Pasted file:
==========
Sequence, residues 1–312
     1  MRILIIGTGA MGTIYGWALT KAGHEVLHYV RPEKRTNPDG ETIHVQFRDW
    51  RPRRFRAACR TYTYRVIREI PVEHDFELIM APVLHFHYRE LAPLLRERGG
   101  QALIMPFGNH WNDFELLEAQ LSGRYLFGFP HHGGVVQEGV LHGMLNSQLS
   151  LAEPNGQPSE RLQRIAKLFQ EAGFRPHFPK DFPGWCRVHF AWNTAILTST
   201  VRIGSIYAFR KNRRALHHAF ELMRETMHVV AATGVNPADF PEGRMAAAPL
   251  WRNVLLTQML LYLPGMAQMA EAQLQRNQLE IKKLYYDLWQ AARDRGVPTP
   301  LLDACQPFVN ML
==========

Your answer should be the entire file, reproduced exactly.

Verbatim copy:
Sequence, residues 1–312
     1  MRILIIGTGA MGTIYGWALT KAGHEVLHYV RPEKRTNPDG ETIHVQFRDW
    51  RPRRFRAACR TYTYRVIREI PVEHDFELIM APVLHFHYRE LAPLLRERGG
   101  QALIMPFGNH WNDFELLEAQ LSGRYLFGFP HHGGVVQEGV LHGMLNSQLS
   151  LAEPNGQPSE RLQRIAKLFQ EAGFRPHFPK DFPGWCRVHF AWNTAILTST
   201  VRIGSIYAFR KNRRALHHAF ELMRETMHVV AATGVNPADF PEGRMAAAPL
   251  WRNVLLTQML LYLPGMAQMA EAQLQRNQLE IKKLYYDLWQ AARDRGVPTP
   301  LLDACQPFVN ML